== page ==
Mideast Peace: A Road Map

A U.S.-led effort to stem the violence that dominates Israeli-Palestinian relations.

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The Road Map is Announced

From that point on, the peace process attained new momentum: The U.S. promised its European allies greater progress in the peace process following the Iraq war, and there was widespread belief that the Abu Mazen government would make a difference. In April 2003 the Quartet announced a "Road Map" for peace, consisting of three phases.

In the first phase, the Palestinian were to undertake an "unconditional" cessation of violence, along with political reform in preparation for statehood. Israel was to withdraw from areas occupied in the years 2000-2003 and freeze all settlement activity.

Phase two, originally scheduled for the second half of 2003, was to be focused on rapid institution building toward an independent Palestinian state with "provisional borders." In phase three, which was to take place up to 2005, permanent settlement of the Israeli-Palestinian dispute was envisioned.

Implementation

Phase One of the Road Map appeared on track during most of the summer of 2003. In late June, Abu Mazen announced that he had concluded an agreement with the major Palestinian militant groups, including Islamic Jihad and Hamas, in which they committed to a three-month hiatus in attacks against Israeli targets. Israel for its part agreed to its Phase One commitments in the road map--a gradual withdrawal from areas occupied after September 2000, removal of settlement outposts, and a freeze in new settlement activity. A summit meeting in Aqaba, Jordan, involving Bush, Abu Mazen and Israeli Prime Minister Ariel Sharon, formally launched the Road Map to peace.

The populations of both sides initially heaved sighs of relief. Gazans had free and unimpeded access on the main roadways of the Gaza Strip for the first time in nearly three years.  A number of Palestinians who had been held in Israeli prisons came home. Israeli military authorities reported a steep drop in hostile activities directed against Israelis, and the night life in Israeli cities registered an increase, as people felt their personal security was at its highest in years. Sharon and Abu Mazen held several successful personal meetings aimed at implementing further confidence-building steps.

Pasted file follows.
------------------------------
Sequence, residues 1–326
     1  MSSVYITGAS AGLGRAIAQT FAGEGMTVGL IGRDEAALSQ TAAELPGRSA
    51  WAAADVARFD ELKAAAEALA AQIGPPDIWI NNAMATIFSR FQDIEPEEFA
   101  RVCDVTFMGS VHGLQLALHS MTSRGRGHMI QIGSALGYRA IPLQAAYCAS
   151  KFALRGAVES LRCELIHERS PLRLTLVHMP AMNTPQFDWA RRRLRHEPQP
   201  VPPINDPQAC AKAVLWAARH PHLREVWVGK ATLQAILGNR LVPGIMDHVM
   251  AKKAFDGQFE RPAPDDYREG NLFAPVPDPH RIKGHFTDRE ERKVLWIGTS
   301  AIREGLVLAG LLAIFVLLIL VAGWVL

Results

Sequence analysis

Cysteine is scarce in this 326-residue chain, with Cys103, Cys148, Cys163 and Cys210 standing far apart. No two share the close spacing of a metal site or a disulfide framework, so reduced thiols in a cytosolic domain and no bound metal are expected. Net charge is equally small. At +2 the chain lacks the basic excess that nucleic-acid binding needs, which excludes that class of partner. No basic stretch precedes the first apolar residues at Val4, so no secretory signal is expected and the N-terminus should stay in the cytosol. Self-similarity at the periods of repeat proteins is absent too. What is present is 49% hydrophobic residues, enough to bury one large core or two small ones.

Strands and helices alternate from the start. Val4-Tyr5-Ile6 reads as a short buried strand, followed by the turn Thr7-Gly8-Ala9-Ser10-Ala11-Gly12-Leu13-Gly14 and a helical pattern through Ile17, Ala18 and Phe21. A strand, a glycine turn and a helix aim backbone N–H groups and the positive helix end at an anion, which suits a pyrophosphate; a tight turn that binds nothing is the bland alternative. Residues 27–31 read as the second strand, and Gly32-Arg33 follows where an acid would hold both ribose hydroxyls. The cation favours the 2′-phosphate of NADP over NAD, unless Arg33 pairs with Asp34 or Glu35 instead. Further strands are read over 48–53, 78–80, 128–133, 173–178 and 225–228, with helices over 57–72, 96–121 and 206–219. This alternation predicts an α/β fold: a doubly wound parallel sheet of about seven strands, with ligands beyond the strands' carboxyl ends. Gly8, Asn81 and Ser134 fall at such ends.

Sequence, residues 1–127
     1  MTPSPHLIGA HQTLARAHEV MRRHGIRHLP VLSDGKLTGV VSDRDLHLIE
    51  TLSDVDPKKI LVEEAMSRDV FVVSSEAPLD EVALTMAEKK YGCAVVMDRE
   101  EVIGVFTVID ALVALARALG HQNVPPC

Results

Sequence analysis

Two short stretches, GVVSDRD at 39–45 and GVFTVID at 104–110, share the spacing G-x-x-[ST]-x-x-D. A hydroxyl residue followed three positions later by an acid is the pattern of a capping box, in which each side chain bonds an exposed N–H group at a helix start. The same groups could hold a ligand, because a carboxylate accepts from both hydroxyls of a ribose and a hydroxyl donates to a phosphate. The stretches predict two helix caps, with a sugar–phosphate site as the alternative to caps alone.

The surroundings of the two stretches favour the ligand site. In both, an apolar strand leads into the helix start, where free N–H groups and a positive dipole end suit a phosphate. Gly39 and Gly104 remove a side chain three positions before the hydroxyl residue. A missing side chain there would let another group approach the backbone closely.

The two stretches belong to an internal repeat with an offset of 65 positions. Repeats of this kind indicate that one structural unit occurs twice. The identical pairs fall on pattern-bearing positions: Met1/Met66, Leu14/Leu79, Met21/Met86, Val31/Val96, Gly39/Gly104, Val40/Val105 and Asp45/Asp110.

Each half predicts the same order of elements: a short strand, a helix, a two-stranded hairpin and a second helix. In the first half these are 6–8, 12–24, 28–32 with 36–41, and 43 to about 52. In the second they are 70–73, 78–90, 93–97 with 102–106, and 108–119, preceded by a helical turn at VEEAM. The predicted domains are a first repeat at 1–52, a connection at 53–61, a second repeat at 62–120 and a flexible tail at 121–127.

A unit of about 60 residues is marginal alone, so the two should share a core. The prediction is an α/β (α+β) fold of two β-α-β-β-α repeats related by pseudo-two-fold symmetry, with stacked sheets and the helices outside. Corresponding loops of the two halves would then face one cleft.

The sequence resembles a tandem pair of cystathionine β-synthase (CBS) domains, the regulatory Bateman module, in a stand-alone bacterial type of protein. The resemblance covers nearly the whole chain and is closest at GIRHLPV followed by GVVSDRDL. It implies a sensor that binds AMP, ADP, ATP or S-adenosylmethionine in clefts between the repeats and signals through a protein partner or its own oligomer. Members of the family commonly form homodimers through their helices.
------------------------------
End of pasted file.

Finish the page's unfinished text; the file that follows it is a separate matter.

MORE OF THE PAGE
Phase One Falters

Despite the optimism, Israeli leaders registered disappointment at the fact that Abu Mazen's government consistently refused to confront Hamas and Islamic Jihad directly.  The hudna (cease fire) was technically not an agreement between Israel and any Palestinian groups; rather, it was an agreement between the Palestinian Authority and the Islamic organizations, and it granted the militants immunity from being disarmed.

Israel became convinced that the militant groups were using the cease-fire as a chance to regroup and re-arm. Israel on several occasions sent forces to West Bank towns to arrest suspected terrorists, raising tensions and causing the Palestinians to question Israel's commitment to the Road Map.

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Ziv Hellman is a Jerusalem-based writer and mathematician. A former editor at the Jerusalem Post, Ziv was a founding member of Peace Watch--the watchdog group reporting on the implementation of the Oslo Agreements. He also led the Israeli elections observer team evaluating the Palestinian Authority elections.